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Henningsen: Jackson Fixation

When President Trump suggested that Andrew Jackson might have prevented the Civil War, critics quickly noted that Jackson died sixteen years before the war; calling this yet another example of Mr. Trump’s loose interpretation of American history. What’s more interesting, though, is why the president is so taken with Jackson. After all, Jackson’s out of favor. His slave-owning and unabashed aggression toward Native Americans make him unacceptable to most modern audiences, to say nothing of erratic fiscal policies leading to one of the worst depressions in history.

But President Trump placed Jackson’s portrait in the Oval Office where Old Hickory seems to gaze over the presidential shoulder, blessing his work.

It’s not hard to understand why. After all, Jackson made more extensive use of executive power than any peacetime President before Theodore Roosevelt and in almost every case did so to diminish the power of the federal government. His success at limiting federal power by favoring states, destroying the nation’s central bank, and ignoring unfavorable Supreme Court rulings are the kinds of action Trump seems to favor.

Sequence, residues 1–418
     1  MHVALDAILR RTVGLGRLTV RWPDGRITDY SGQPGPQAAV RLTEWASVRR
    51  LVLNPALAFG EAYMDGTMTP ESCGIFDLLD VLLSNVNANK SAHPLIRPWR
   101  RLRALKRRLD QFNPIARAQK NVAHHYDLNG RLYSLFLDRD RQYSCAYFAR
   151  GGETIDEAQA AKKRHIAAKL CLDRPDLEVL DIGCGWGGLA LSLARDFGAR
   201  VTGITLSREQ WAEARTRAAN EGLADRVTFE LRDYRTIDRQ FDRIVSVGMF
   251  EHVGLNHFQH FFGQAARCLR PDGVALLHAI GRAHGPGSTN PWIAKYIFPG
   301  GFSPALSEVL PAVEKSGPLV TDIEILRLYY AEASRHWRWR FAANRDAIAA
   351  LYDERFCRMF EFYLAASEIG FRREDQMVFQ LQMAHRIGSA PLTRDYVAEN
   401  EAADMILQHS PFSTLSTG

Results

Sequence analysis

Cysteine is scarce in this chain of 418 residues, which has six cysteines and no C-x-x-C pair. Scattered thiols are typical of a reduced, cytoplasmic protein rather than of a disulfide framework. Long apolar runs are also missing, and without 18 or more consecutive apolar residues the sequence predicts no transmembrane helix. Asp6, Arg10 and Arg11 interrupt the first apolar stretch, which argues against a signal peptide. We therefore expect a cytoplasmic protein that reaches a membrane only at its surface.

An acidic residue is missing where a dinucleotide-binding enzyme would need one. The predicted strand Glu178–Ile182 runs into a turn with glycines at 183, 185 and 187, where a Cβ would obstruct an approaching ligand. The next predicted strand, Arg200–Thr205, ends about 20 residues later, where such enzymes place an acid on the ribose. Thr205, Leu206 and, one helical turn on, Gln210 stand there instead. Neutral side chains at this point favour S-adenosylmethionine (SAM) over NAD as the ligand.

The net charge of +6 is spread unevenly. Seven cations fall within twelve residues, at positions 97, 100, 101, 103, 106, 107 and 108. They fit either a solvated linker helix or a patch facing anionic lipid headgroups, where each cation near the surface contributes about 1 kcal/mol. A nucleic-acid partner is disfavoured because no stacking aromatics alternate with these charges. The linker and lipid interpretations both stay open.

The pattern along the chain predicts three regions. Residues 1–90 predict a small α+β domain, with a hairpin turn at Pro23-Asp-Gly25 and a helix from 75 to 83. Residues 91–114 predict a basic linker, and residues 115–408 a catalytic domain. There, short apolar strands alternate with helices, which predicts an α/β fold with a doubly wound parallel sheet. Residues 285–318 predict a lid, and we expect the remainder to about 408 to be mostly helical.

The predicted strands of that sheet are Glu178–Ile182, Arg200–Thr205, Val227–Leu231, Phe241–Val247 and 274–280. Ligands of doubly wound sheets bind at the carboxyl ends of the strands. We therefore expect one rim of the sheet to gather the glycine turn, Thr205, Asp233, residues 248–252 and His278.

Then, there’s Jackson’s resume: war hero, former Congressman, Senator, state supreme court justice – surely a record to emulate! Some view him as a principled and astute politician who deftly deployed his supposedly ungovernable temper as a tool to manipulate friend and foe alike. Fearless, unswerving of purpose, he once confronted the finest shot in Tennessee in a duel, took a bullet near the heart, remained standing, aimed, and killed his opponent. “I should have hit him,” he insisted, “if he had shot me through the brain.” Years later, a would-be assassin had to be rescued from the enraged president, who attacked his assailant with a cane.

President Trump admires Old Hickory as a champion of the common man. “Of Andrew Jackson,” one historian remarked, “the people made a mirror for themselves,” reflecting their aspirations and self-esteem. It’s not surprising that our current President would look at him in the same way.

And Mr. Trump would surely applaud Jackson’s response to those mocking his limited education. “I have nothing but contempt,” he snarled, “for a man who knows only one way to spell a word.”

Yes, Andrew Jackson is back in the Oval but - at the moment - only on the wall

Vic Henningsen is a teacher and historian.
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